According to the National Low Income Housing Coalition, the United States faces a shortage of nearly 7 million rental homes affordable and available to the lowest income households. (2) As a result, 70% of extremely low-income renters whose household income is below the poverty threshold or 30% of their area median income (AMI) are severely cost-burdened, paying more than half of their income on rent and utilities.

Expiring affordability restrictions and policies that enable property owners to exit their affordability restrictions early pose a threat to the long-term affordability of federally assisted homes in rural communities. A key concern includes the expiring affordability restrictions of rental properties funded by the USDA's Section 515 Rural Rental Loan Program, which serves households at low and very low incomes: The average annual income for residents of USDA 515 units is $13,000. The program will start to reach its first peak of expiration in 2028, and nationwide, a little over 30,000 units of 515 housing stock are projected to lose their affordability by 2040. Most of the housing stock developed under the 515 program is over 30 years old and needs rehabilitation and recapitalization, posing a challenge for mission-minded developers trying to balance continued affordability and investment. Expiration of properties funded by the 515 programs will have a major effect on residents, particularly senior citizens and people with disabilities, who often reside in this subsidized housing stock.

According to the National Low Income Housing Coalition, North Dakota and South Dakota see the greatest percentage of their assisted housing expiring. A larger portion of North Dakota’s assisted housing expiring in the next five years is assisted by Section 8 Project-Based Rental Assistance (PBRA), which tends to have shorter renewal periods, while a larger portion of assisted homes expiring in the next five years are assisted by USDA programs.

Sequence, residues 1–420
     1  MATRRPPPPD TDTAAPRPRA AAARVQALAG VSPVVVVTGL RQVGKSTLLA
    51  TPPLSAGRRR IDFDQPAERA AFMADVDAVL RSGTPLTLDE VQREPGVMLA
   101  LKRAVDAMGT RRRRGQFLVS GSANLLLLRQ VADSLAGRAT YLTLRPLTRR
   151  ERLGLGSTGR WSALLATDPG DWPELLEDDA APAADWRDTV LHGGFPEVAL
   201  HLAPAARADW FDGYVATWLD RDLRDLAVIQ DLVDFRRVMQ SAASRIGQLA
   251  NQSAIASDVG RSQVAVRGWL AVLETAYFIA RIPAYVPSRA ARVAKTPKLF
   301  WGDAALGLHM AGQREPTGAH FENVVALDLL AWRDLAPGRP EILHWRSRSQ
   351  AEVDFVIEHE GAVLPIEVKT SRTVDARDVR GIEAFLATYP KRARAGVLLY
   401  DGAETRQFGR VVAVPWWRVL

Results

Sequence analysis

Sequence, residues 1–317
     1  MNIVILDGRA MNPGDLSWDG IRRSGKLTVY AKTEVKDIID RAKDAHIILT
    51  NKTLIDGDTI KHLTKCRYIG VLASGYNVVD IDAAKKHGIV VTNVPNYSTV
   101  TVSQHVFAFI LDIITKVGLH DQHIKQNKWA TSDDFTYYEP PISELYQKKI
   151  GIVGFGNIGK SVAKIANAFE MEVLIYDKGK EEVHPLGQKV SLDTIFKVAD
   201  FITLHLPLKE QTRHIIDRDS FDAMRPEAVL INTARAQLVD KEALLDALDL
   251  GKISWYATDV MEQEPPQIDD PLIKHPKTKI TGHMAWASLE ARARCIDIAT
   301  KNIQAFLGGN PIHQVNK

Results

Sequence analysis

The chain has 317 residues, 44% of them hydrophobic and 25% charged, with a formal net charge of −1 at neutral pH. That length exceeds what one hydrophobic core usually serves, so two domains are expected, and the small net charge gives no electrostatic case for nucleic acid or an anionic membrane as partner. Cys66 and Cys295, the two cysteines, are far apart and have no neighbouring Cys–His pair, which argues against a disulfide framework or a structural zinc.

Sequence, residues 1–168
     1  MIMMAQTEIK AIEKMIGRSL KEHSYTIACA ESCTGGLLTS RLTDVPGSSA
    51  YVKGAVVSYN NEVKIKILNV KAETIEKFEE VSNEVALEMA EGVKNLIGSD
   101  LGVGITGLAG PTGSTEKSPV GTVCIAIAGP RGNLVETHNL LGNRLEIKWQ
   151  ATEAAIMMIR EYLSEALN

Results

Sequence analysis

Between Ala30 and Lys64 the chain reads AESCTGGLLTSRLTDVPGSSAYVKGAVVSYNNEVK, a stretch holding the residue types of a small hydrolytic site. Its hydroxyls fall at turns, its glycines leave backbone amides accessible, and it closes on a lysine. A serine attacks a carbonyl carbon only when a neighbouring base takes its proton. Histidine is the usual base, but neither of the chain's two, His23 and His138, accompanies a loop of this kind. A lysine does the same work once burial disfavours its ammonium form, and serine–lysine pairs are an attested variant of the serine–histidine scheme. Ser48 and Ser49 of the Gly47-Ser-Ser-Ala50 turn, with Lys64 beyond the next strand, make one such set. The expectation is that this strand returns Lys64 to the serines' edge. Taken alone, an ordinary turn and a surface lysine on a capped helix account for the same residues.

Priorities for Preservation in Rural Communities

Affordable housing subsidy programs provide a critical foundation for the nation’s families with special needs. Thirty percent of federally assisted homes are explicitly reserved for elderly or disabled households. Because tenant targeting data are only available for the Section 8 PBRA, LIHTC, and Section 515 programs, the actual number is likely higher. The finance of new construction of affordable housing are federally funded through Low-Income Housing Tax Credit (LIHTC), HOME, CDBG, and the national Housing Trust Fund.

Preservation risks, stemming from expiring affordability restrictions, underfunding, or disrepair also put federally assisted rental homes at risk of being lost from the affordable housing stock. Affordable housing preservation efforts rely on subsidies that preserve affordability and provide owners with funding to meet outstanding capital needs.

Other programs that support the preservation of affordable homes in rural areas are Section 515, the Multifamily Housing Preservation and Revitalization (MPR) demonstration program, Section 521 Rental Assistance and Section 538 Guaranteed Loans. In the joint report, NHPD reports that MPR provides grants, no interest loans, debt deferral, and mortgage restructuring to owners of older properties assisted by Section 515 and 514. MPR preserved over 3,500 homes in recent years, but the program has been oversubscribed. New, transferred, or consolidated Section 515 mortgages have supported the preservation of 4,170 homes, and Section 538 Guaranteed Loans supported the preservation of 3,819 homes in recent years. There is not enough data that supports how many properties have been awarded Section 521, but the addition of project-based rental assistance can be a key element in the recapitalization of a property at risk of expiration.